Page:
by Constance Davis | November 3, 2010
A mentor and I recently had a conversation about a mentee who just dug in his heels and did not want to accept any of the feedback the mentor and the committee provided him. Apparently the mentee insisted that HE was the expert and that clearly the committee members did not know what they were talking about.
The mentor asked me why some mentees demonstrate such vehement opposition to feedback. I really did not have much of an answer, but then I thought that maybe those are the mentees who are not really scholars and are not going to ever be scholars.
I think that many doctoral programs do have scholars and non-scholars—or those who are trying to obtain the degree for some other reason. The non-scholars are the ones who are most likely to reject feedback from the mentor and committee. Or, when they are finally forced to make some changes, they just take the mentor feedback, incorporate it, and wait for more feedback. They really do not get the “process.” All they do is “make corrections.” They are unable or unwilling to make connections and to reflect in a way so that they are actually driving much of the content.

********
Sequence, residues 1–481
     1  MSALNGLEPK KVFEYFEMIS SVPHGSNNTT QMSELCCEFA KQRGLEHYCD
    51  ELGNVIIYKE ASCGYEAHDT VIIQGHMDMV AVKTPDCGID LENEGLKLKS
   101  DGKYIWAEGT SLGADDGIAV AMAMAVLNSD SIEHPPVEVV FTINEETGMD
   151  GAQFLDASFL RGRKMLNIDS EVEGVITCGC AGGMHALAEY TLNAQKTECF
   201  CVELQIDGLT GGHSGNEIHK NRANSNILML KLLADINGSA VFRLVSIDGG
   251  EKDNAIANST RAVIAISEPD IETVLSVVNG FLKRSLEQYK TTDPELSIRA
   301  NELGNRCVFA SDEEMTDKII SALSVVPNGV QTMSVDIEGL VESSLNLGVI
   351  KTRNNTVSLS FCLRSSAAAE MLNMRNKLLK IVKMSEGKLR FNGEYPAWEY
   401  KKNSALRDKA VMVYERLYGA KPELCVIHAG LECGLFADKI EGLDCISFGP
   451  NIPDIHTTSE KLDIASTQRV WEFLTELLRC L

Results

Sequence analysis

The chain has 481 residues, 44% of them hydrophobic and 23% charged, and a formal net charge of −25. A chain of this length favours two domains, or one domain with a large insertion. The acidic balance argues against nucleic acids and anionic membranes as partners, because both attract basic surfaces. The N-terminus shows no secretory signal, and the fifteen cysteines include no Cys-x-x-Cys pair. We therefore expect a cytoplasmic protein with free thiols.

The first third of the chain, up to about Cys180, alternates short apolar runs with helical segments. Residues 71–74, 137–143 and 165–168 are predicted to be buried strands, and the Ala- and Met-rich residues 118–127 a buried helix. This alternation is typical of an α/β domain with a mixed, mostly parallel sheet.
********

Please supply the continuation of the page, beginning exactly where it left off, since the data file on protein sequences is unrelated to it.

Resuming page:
On the other hand, a scholar is one who listens and wonders and who grows intellectually. I like to explain it as a mushroom cloud. I know that is a rather ominous term, but that is exactly how the intellect and curiosity should grow. It expands and expands and expands. And it never really stops growing.
A scholar will reflect on the mentor feedback and then find ways to build upon that feedback. As part of that building process, a scholar finds more and more information that is going to strengthen the dissertation. When that happens, the scholar is the one driving the content of the dissertation.
The completion of a dissertation is not the end of the learning, however, for a scholar. A scholar will remain curious all of his or her life. S/He will see research possibilities everywhere. A scholar is very likely to be heard saying, “I wonder if . . .”
This is only scratching the surface of what a scholar might be. How would you describe a scholar?